| 03.18.2018

Preparing priorities – UI lobbyist plans to push for CCI, WWAMI program funding increase


Less than a year ago the University of Idaho began tackling important issues in the Idaho Legislature.

Although the priorities of the university are fairly similar to the prior legislative session, UI Government Affairs Director Joe Stegner said they are just as critical to address.

With the next legislative session just around the corner, Stegner plans to lobby for funds to increase UI employee salaries and to expand other ongoing programs, including the WWAMI.

“One of the things that we want out of state government is funding for the university,” Stegner said, who has been in the position for the past four years. “We get a significant amount of our money from the tax dollars that the state takes in, so what we really want is that money.”

Stegner said the state draws money from a general fund and distributes a majority of the funds to higher education and K-12  education. Around 300 million dollars is reserved for higher education institutions, and Stegner said the university hopes to receive a portion of that pool.

“We”ve been getting money from them (Idaho Legislature) for as long as we”ve existed,” Stegner said. “And from time to time we ask for funding of more specific things like maintenance of buildings or specific programs.”

Stegner said the university is also working to encourage enrollment at the university.

“The state of Idaho wants to have a more educated work force,” Stegner said. “Recruitment and retention are important, not only for the university, but for the state also so we have expanded that effort significantly over the last few years and need legislature to help fund it.”

Stegner said legislature usually gives UI about 80 million dollars of money from the general fund which the university uses for programs such as Complete College Idaho (CCI).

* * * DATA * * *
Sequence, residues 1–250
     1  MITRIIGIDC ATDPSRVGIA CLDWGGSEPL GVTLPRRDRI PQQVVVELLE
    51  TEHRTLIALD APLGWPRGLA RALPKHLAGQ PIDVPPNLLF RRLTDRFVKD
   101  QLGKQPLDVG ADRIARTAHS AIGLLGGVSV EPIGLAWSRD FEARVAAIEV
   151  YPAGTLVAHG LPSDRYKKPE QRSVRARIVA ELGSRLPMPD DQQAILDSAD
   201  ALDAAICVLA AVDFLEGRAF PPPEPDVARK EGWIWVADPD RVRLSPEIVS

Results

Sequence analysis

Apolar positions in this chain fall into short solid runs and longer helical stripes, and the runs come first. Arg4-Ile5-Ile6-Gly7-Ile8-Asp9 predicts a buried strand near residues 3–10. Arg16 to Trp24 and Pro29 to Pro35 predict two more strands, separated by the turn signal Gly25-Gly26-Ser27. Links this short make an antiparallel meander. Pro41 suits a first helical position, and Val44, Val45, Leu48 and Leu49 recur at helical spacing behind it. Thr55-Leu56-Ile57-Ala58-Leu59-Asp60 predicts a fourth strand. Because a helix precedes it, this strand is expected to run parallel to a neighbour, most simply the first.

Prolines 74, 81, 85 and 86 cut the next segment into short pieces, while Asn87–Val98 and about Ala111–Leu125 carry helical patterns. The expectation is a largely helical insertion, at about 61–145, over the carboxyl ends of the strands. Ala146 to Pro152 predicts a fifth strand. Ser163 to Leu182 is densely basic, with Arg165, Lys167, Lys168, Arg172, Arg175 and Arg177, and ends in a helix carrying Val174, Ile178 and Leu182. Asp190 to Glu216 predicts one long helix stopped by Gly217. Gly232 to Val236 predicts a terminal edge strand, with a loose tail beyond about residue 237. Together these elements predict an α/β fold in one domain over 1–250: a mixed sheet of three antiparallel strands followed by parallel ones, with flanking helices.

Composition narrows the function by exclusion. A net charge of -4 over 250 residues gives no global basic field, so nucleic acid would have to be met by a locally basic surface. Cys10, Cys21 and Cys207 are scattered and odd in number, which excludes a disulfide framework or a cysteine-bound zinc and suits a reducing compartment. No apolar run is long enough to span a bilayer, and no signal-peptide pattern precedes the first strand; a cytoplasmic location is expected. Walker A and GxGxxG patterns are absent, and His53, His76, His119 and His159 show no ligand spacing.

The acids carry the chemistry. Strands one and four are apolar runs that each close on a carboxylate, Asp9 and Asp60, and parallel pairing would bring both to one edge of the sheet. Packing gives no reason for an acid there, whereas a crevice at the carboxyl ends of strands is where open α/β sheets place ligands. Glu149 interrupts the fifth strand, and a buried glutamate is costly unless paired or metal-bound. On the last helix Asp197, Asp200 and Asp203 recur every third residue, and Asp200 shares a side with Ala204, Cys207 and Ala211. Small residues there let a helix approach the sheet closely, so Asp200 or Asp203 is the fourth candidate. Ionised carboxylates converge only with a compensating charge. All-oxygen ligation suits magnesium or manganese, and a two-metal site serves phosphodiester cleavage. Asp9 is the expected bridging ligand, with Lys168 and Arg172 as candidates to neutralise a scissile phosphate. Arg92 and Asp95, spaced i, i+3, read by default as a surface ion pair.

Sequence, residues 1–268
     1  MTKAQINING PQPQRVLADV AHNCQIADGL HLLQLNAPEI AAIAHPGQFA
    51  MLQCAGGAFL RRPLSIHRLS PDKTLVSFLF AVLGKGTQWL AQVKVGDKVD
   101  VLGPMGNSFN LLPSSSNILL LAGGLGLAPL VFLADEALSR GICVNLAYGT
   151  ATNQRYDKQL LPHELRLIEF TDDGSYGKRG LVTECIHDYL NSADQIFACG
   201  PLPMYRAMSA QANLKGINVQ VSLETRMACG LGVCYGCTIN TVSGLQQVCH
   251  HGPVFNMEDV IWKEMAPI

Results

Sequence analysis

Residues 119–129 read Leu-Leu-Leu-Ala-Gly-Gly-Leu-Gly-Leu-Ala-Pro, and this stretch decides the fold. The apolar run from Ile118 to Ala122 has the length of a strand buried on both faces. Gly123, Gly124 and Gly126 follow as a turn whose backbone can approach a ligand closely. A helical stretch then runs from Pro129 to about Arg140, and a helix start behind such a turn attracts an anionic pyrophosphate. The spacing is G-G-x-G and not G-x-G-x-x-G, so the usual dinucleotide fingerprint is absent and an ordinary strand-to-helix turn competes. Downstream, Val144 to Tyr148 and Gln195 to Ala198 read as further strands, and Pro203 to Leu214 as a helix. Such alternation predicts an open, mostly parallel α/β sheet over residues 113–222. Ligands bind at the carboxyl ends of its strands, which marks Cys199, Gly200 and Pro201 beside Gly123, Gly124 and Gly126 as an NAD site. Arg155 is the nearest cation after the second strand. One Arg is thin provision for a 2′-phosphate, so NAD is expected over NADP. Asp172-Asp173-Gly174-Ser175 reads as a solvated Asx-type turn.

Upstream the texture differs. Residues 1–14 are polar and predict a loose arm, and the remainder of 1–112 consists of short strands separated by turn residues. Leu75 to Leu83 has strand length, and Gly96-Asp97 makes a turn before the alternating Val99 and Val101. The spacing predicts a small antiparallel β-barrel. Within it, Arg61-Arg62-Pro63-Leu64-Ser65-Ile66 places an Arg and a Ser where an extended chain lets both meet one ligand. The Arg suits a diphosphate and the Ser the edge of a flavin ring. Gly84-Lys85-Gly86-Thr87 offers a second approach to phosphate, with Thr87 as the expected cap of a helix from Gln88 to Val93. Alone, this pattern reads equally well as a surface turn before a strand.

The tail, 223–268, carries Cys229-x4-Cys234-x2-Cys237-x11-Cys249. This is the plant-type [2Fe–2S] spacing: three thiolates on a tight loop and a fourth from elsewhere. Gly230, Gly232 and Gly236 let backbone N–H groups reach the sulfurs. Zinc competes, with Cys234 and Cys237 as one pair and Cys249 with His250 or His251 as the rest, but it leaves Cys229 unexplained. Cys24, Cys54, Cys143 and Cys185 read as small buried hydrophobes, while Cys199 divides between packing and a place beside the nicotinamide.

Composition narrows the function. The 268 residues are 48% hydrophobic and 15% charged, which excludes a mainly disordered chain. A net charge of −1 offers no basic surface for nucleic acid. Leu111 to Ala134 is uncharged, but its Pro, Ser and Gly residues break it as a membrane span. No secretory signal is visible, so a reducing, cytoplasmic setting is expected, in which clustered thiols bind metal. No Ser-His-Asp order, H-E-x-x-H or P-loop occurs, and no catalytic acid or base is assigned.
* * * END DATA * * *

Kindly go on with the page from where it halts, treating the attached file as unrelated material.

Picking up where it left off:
“There is a significant request this year for enhancement for what we generally call CCI,” Stegner said. “CCI is more of an umbrella name for a number of specific efforts going on across the state to increase the number of students going to college.”

ASUI Lobbyist Nate Fisher will also be in Boise this spring to lobby for a statewide medical amnesty policy, Stegner said.

Yet, Stegner said UI administration has not taken a position on medical amnesty and will not be advocating for it at this legislative session.

“(Medical amnesty) tends to be a policy issue that the legislature will make,” Stegner said. “It”s just not one of our top priorities.”

The differences between this legislative session and the last one comes down to the specific areas that the university will be requesting more funding for, Stegner said.

Stegner said the university will ask for more funding for the WWAMI medical program, which is operated through the University of Washington.

“The state of Idaho, Wyoming, Alaska and Montana are all small to the point where they don”t have their own medical school in the state,” Stegner said. “The University of Washington allows a number of students from each state to participate in their medical education program without having to go to Seattle.”

Stegner said the Legislature has been paying the out of state tuition for these students so they can receive their medical education in Idaho.

Stegner said UI will also push to increase research funding for the College of Agriculture and the College of Natural Resources.

“The University of Idaho thinks these are all important in some way or we wouldn”t be asking for the money,” Stegner said. “We watch these efforts very closely so we can hopefully become more competitive in the higher education community.”

Jessica Gee  can be reached at  arg-news@uidaho.edu  or on Twitter @jaycgeek

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